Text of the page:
The smell is what tells you, you’re in Africa. The first step off the plane takes you already, the air just smells…different. It smells African. It’s not an unpleasant smell…just different. I guess it’s the heat as well. There was no smooth transition from my cold European air to the thick, warm air of Accra, but I embraced it! I’m back, and I write this with a big smile stretching from ear to ear.
So far I’ve spent a day in Accra, visiting some locations with my guide, Evans, a 24 year old teacher of African arts. And then yesterday I travelled from Accra to Tamale. A near 14 hour journey, across the country. You can see the changing landscape from jungle in the south to savannah in the north, and the homes get simpler and simpler from city to countryside. I had my music with me and played some ‘Blood Diamond Soundtrack’ to get me in the spirit.
The home of my host family is very nice. I’m very lucky to have a room with a fan. In Accra, my nights were 90% tossing and turning in the heat and 10% sleep. Now it’s reversed, so I’m grateful. I’m sure it will take a few days to figure out where I am, what I’m doing, and how I can find my place in this Ghanaian society, but in time I’ll find my way.
I was very happy to see the boarding ticket for my flight. They added something to my name which I believe fits perfectly.
Patrick German, World Traveller.
I certainly feel like it. These days, I find myself one morning in London, then in Holland, then in Accra, and now in Tamale. My life is an adventure, and I’m inspired to see myself becoming a Global Citizen. My mind naturally reminisces of my past experiences, those ‘moments’ where I touched something much deeper than myself. Whether it was driving through the Rocky mountains of Canada, watching stars in Austria, climbing mountains in Switzerland, camping out in Albania, walking through forests in Germany, sleeping in a van in Belgium, feeling the heat in Dubai, jungle rides in Cote d’Ivoire, or miles above the earth In a plane. I certainly am grateful that now I’m in Ghana, able to create those experiences for myself again. I hope what I’m writing can inspire at least one of you readers to go out and experience.
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The day of my departure is arrived, and I am so grateful to all who supported me in my efforts to raise the money to get to this stage.
It has been a great few weeks for me; working in a wholesale fish company, dealing with salmon and sea bass. Then travelling to Holland to meet the new YSI team, who are a really great group of people. Now I am back in London, only an hour before I leave for the airport. My bags are packed, and my mind is ready, but some butterflies found their way into my stomach.
Before every great venture, butterflies is a normal experience, but in my mind there are questions of what to expect, and what could go wrong. How will I sleep in the heat coming in the next few days? I checked the weather in Tamale…38 degrees. I have to remind myself of the people who live in these places permanently. Of course, they may be used to it. But it’s hot none-the-less. I cannot complain, or find my attitude lacking, but embrace the weather and the people, the situations…and the butterflies.
My father is a missionary in Chad, working on humanitarian relief and family values education to prevent HIV/AIDS, and spends a few months every few years there. Working in temperatures which sometimes exceed 50 degrees! That is intense! Please look at the website of IRFF Wales to see more info.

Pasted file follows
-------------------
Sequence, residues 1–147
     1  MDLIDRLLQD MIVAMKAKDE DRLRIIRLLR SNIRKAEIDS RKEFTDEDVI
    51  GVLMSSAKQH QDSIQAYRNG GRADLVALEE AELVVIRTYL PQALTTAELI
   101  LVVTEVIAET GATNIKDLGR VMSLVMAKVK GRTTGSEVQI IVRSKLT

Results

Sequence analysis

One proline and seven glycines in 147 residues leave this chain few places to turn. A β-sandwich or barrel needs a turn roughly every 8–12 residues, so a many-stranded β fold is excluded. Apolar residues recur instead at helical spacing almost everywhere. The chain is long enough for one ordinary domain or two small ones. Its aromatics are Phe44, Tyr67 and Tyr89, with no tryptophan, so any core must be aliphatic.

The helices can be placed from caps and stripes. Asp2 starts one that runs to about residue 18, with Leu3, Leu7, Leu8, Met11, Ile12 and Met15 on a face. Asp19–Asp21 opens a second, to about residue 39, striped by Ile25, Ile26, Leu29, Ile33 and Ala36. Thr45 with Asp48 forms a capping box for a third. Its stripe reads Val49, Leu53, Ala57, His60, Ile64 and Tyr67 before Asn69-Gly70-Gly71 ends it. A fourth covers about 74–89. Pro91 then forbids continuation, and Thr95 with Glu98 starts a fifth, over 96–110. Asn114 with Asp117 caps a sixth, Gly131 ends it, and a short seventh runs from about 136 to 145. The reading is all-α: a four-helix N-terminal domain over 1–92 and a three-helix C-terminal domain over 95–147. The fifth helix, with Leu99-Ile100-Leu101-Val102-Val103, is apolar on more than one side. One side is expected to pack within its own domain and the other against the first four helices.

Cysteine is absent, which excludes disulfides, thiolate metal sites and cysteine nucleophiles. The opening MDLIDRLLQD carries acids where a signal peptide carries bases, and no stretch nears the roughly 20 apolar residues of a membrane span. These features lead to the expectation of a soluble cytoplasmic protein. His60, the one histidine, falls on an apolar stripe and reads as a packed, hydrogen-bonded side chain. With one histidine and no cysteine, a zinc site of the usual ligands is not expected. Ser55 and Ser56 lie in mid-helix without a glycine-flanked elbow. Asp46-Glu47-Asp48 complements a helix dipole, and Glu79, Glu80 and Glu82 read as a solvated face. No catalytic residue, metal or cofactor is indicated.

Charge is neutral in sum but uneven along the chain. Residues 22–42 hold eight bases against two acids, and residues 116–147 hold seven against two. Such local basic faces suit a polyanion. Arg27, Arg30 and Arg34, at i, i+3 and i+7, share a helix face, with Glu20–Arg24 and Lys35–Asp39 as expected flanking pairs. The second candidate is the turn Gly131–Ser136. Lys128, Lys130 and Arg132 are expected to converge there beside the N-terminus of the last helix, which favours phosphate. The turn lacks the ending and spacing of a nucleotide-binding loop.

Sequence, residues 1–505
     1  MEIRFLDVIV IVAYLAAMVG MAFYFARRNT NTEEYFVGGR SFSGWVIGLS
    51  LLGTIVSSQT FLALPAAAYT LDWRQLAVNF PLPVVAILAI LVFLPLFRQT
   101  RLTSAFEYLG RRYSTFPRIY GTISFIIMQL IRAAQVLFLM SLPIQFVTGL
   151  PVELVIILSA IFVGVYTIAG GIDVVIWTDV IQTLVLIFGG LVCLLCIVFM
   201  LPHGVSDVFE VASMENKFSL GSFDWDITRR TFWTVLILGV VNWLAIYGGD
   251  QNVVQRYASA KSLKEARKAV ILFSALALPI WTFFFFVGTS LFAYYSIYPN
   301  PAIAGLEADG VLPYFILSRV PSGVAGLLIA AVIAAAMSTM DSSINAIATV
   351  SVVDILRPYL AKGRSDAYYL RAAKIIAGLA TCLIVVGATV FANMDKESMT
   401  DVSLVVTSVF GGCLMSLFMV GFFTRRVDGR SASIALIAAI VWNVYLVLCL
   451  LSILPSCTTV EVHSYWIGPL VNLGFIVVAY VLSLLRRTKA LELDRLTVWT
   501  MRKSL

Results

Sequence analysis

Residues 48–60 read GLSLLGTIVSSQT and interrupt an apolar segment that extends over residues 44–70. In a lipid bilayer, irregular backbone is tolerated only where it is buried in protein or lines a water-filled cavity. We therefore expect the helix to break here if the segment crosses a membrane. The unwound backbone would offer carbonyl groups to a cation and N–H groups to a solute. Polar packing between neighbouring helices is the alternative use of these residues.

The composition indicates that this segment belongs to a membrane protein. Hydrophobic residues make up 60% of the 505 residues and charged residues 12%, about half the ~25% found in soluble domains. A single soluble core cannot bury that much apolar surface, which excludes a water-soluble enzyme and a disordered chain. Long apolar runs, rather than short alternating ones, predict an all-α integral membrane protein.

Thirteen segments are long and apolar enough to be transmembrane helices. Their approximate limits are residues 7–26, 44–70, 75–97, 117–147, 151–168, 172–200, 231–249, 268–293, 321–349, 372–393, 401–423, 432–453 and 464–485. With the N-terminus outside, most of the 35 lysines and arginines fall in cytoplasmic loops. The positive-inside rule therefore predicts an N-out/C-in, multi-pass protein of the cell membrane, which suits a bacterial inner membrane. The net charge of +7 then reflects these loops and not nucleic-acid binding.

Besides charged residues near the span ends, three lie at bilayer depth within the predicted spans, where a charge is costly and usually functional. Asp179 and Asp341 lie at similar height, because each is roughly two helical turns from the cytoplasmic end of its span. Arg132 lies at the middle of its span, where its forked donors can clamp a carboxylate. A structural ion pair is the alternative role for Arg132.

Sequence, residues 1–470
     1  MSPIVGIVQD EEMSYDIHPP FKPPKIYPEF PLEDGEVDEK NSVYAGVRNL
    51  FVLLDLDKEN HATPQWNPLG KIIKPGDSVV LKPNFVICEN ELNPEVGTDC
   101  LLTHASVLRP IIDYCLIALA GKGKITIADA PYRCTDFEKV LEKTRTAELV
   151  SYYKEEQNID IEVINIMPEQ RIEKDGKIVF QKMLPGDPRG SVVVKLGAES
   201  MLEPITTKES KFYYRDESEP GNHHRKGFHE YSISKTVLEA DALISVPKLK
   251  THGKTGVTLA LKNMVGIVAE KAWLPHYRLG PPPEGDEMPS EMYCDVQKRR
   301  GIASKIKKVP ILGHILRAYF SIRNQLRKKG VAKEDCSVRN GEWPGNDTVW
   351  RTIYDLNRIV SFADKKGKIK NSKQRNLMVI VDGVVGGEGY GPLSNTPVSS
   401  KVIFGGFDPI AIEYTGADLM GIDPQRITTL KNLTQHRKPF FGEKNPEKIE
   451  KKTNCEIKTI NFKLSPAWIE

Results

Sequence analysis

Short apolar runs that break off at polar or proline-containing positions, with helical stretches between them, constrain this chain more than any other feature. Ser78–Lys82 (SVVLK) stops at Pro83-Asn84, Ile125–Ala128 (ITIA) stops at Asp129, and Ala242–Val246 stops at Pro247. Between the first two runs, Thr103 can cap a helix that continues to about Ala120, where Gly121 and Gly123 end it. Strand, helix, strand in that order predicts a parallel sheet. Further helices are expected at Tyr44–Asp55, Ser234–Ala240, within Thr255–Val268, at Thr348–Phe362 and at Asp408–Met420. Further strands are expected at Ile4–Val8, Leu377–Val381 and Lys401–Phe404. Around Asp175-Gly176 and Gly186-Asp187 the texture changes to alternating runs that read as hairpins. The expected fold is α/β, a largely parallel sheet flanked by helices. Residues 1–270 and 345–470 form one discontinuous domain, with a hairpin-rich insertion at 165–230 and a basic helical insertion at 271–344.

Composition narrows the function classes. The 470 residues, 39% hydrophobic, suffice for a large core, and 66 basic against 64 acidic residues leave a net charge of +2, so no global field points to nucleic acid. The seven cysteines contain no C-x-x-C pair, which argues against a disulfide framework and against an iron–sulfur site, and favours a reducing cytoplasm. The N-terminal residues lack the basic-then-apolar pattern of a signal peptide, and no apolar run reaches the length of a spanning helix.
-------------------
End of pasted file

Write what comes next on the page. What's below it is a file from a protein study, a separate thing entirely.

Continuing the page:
I’ll try my best to get a post in the next few days. My schedule is to stay in Accra on monday and travel to Tamale on Tuesday.
Thank you, and see you soon!
It’s amazing how quickly time flies by. When I created this blog Ghana still felt so distant, but now I realise it’s only 6 days away. Once again I will find myself in a land that amazes me, a land that captures me. I’m very fortunate to be in the position I am in.
My last few weeks have been spent raising money, and buying all the things needed. I’m already two weeks into my anti-malaria medication, and experienced my first side effect, a night mare that woke me up early last night. My bags are packed and visa is ready; flight is booked and I’m just about ready to go. Externally I’m ready…I still need to get my internal sorted out.
I am actually now writing from Holland. I came to visit the new YSI volunteers and also to attend a Ghana Study day to help in my more internal preparations for Ghana. The content was extremely interesting, with a number of talks from professors, and other such qualified people who have had extensive experience in Africa and elsewhere around the world. One of the big topics was culture, what it is and how to deal with it. I found it very interesting.
The speaker said there are 5 issues that every society has to face. Biological needs, Kinship/relatives, Religion, Invisible Social Differences, and finally ‘Social Charity, aid and globalisation’. The way a society deals with these 5 issues is the culture, and differences in culture come from different approaches to these 5 issues. Very interesting, and very useful.
I also had a good chance to think about what I can offer to the people in Ghana. What are my skills? What are my qualifications? A lot of people who volunteer with CPYWD are doing it with their school, where they have a specific task or investigation set to them. I am going because I want to experience Africa, I want to understand ‘the situation’ whatever that situation is, and I want to offer something of myself. It’s going to be interesting how I will find my feet there.